Chapter 31

THE GENERAL after whom Pierre galloped trotted downhill, turned off sharply to the left, and Pierre, losing sight of him, galloped into the middle of a battalion of infantry marching ahead of him. He tried to get away from them, turning to left and to right; but there were soldiers everywhere, all with the same anxious faces, preoccupied with some unseen, but evidently serious, business. They all looked with the same expression of annoyed inquiry at the stout man in the white hat, who was, for some unknown reason, trampling them under his horse’s feet.

“What does he want to ride into the middle of a battalion for?” one man shouted at him. Another gave his horse a shove with the butt-end of his gun; and Pierre, leaning over on the saddle-bow, and scarcely able to hold in his rearing horse, galloped out to where there was open space in front of the soldiers.

Ahead of him he saw a bridge, and at the bridge stood the soldiers firing. Pierre rode towards them. Though he did not know it, he rode up to the bridge over the Kolotcha, between Gorky and Borodino, which was attacked by the French in one of the first actions. Pierre saw there was a bridge in front of him, and that the soldiers were doing something in the smoke on both sides of the bridge, and in the meadow among the new-mown hay he had noticed the day before. But in spite of the unceasing fire going on there, he had no notion that this was the very centre of the battle. He did not notice the bullets whizzing on all sides, and the shells flying over him; he did not see the enemy on the other side of the river, and it was a long time before he saw the killed and wounded, though many fell close to him. He gazed about him with a smile still on his face.

“What’s that fellow doing in front of the line?” some one shouted at him again.

“To the left,” “to the right,” men shouted to him. Pierre turned to the right, and unwittingly rode up to an adjutant of General Raevsky’s, with whom he was acquainted. The adjutant glanced wrathfully at Pierre; and he, too, was apparently about to shout at him, but recognising him, he nodded.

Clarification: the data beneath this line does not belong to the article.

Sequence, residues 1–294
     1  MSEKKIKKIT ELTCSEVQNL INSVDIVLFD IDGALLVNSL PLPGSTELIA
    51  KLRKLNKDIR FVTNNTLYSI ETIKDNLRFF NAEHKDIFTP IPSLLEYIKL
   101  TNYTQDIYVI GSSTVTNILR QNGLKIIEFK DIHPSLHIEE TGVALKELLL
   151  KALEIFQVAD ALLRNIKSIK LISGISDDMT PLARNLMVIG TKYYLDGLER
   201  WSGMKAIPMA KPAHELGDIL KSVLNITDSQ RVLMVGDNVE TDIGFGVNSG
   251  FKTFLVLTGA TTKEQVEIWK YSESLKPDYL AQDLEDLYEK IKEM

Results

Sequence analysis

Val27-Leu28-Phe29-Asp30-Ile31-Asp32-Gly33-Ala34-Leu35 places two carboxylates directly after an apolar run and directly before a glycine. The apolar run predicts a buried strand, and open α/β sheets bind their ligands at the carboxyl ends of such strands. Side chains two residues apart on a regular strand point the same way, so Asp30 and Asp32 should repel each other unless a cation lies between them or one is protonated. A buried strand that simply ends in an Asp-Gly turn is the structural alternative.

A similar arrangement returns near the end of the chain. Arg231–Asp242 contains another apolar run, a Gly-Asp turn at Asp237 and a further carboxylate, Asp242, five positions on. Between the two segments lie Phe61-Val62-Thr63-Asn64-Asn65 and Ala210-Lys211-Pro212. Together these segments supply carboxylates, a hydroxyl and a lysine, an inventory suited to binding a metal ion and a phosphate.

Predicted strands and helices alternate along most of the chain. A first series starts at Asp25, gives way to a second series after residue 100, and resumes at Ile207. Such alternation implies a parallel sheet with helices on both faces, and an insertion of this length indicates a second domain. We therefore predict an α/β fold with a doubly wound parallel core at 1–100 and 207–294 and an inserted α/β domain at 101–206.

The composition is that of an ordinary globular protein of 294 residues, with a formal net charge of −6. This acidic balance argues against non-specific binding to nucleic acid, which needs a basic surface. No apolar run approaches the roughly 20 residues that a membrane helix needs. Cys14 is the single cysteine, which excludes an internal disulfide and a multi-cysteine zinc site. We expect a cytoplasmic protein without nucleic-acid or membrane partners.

“How did you come here?” he said, and galloped on. Pierre, feeling out of place and of no use, and afraid of getting in some one’s way again, galloped after him.

“What is it, here? Can I go with you?” he asked.

“In a minute, in a minute,” answered the adjutant, and galloping up to a stout colonel in the meadow, he gave him some message, and then addressed Pierre. “What has brought you here, count?” he said to him, with a smile. “Are you still curious?”

“Yes, yes,” said Pierre. But the adjutant, turning his horse’s head, rode on further.

“Here it’s all right,” said the adjutant; “but on the left flank, in Bagration’s division, it’s fearfully hot.”

“Really?” said Pierre. “Where’s that?”

“Why, come along with me to the mound; we can get a view from there. But it’s still bearable at our battery,” said the adjutant. “Are you coming?”

“Yes, yes, I’ll go with you,” said Pierre, looking about him, trying to see his groom. It was only then for the first time that Pierre saw wounded men, staggering along and some borne on stretchers. In the meadow with the rows of sweet-scented hay, through which he had ridden the day before, there lay motionless across the rows one soldier with his shako off, and his head thrown awkwardly back. “And why haven’t they taken that one?” Pierre was beginning, but seeing the adjutant’s set face looking in the same direction, he was silent.

Pierre did not succeed in finding his groom, and rode along the hollow with the adjutant towards Raevsky’s redoubt. His horse dropped behind the adjutant’s, and jolted him at regular intervals.

“You are not used to riding, count, I fancy?” asked the adjutant.

  By PanEris using Melati.

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